How to get good Wi-Fi reception in an old house


Q: We have 114 megabit cable internet service in a century-old house. When we stream to our TVs, we constantly have buffering issues (delays while the TV waits for the streaming to catch up). We have the most buffering delays with the TV on the second floor (about 10 feet across a wall from the wireless router) and two TVs on the first floor (10-15 feet from the router at through the ground). We almost always broadcast to one TV at a time, although two computers are using the Internet at the same time. Are computers causing the TV to buffer? What can we do? —David Fiebiger, Duluth, Minn.

A: Sharing an internet connection between multiple devices can cause issues, but it is not the source of your TV’s buffering issue. Your 114 megabit download speed can easily support a streaming TV and two computers doing more mundane tasks (see tinyurl.com/2ae9trsy).

The walls and floor of your century-old home are more likely to partially block Wi-Fi signals. This could be caused by the building materials used at the time; some insulation from the 1920s and 1930s contained reflective aluminum or copper surfaces (see tinyurl.com/3vs5reev).

One solution is to distribute more Wi-Fi devices throughout the house. There are three wireless options: use a repeater (repeats the Wi-Fi signal to expand the coverage area), a repeater (broadcasts a different signal that creates a second Wi-Fi network), and a mesh (uses a series of networks Secondary Wi-Fi antennas that work together). See tinyurl.com/53d4axm7 for repeaters and extenders, and see tinyurl.com/mwkdjuh5 for mesh networks.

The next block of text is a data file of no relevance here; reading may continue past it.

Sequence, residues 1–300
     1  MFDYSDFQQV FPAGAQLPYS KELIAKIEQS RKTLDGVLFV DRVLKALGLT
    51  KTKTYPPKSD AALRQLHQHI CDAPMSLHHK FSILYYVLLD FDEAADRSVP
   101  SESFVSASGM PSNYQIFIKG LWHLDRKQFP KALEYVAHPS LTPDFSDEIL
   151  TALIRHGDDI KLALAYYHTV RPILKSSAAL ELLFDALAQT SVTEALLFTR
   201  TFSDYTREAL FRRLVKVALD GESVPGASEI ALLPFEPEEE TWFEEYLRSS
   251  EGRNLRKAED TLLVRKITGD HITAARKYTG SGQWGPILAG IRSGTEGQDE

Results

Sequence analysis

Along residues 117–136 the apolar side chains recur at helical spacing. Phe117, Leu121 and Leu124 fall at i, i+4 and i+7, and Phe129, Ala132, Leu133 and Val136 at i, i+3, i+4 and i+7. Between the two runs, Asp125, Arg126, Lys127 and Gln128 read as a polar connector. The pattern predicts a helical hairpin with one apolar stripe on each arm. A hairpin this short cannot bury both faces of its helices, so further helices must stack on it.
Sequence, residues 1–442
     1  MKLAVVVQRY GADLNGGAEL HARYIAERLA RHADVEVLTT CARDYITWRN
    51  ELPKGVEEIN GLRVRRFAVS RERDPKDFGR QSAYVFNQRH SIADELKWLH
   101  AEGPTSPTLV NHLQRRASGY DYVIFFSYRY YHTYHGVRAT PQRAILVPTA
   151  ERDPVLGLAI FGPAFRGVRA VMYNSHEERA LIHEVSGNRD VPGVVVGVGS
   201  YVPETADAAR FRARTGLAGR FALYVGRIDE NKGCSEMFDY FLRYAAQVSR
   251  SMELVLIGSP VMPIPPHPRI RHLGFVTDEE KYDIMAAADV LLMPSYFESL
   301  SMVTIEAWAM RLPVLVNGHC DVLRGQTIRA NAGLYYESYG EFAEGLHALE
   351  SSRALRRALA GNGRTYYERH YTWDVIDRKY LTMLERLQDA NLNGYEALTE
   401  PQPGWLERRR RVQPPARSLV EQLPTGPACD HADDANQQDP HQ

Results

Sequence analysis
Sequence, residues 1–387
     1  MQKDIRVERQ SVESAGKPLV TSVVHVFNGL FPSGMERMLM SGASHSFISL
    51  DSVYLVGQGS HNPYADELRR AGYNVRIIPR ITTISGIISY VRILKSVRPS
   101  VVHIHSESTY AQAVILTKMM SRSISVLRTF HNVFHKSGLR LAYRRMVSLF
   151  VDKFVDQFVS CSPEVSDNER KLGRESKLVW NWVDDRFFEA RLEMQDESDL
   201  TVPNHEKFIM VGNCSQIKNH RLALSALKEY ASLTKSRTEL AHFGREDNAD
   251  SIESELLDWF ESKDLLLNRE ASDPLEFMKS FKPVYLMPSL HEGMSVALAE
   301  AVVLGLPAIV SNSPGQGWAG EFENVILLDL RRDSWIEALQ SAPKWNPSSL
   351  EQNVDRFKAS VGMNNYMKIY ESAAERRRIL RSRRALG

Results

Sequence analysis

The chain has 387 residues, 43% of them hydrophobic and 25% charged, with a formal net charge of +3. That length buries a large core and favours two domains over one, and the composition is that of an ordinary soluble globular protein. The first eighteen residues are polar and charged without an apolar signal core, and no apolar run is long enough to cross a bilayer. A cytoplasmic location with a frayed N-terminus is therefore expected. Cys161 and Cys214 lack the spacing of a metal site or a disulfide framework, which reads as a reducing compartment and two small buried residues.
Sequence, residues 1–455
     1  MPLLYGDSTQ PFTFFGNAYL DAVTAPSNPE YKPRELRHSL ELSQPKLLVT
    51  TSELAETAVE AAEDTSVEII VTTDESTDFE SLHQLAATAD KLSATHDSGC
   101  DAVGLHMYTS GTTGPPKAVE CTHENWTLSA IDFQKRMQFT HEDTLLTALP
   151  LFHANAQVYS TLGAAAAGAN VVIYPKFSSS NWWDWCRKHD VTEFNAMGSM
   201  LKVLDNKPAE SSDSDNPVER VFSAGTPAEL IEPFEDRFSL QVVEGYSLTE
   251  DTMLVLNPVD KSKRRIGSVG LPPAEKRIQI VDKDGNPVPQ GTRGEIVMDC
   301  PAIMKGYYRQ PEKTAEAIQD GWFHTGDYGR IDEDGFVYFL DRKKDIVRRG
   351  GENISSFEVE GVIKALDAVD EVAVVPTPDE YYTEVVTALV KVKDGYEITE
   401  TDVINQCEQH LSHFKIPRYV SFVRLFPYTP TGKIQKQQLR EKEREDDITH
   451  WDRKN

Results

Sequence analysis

But these methods might be less attractive than they appear. Because your walls and floors are such a barrier to Wi-Fi, you may need to purchase many repeaters, extenders, or mesh antennas to distribute the signal evenly throughout your home.

Another solution is primarily non-wireless: the Powerline Adapter (see tinyurl.com/2rc28pyp). It moves the Wi-Fi signal from your router to an electrical outlet, through your home’s electrical wiring, and through a Wi-Fi device plugged into every room where you have a TV or computer. This approach is attractive because the Wi-Fi signal does not have to penetrate or bypass walls or floors. Its effectiveness will depend on the age of the electrical wiring in your home; very old wiring can slow your Internet speed.

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Q: My PC’s Microsoft Outlook 2016 calendar has one-off appointments and recurring appointments. I can search for one-off appointments by subject or by words in the body of the calendar item. But I can only search for recurring appointments by subject, not by item body. I don’t have this problem with the Outlook app on my iPhone. What’s wrong? —Tom Robison, St. Paul, Minn.
A: You run into one of the limitations of Outlook on PC, which is that you can only search for recurring calendar items by subject, not by words in the body (see tinyurl.com/mvsjm68b and tinyurl. com / 4mynsb98). The iPhone version of Outlook does not have this limitation because it is a new program written for the iOS operating system rather than Windows.

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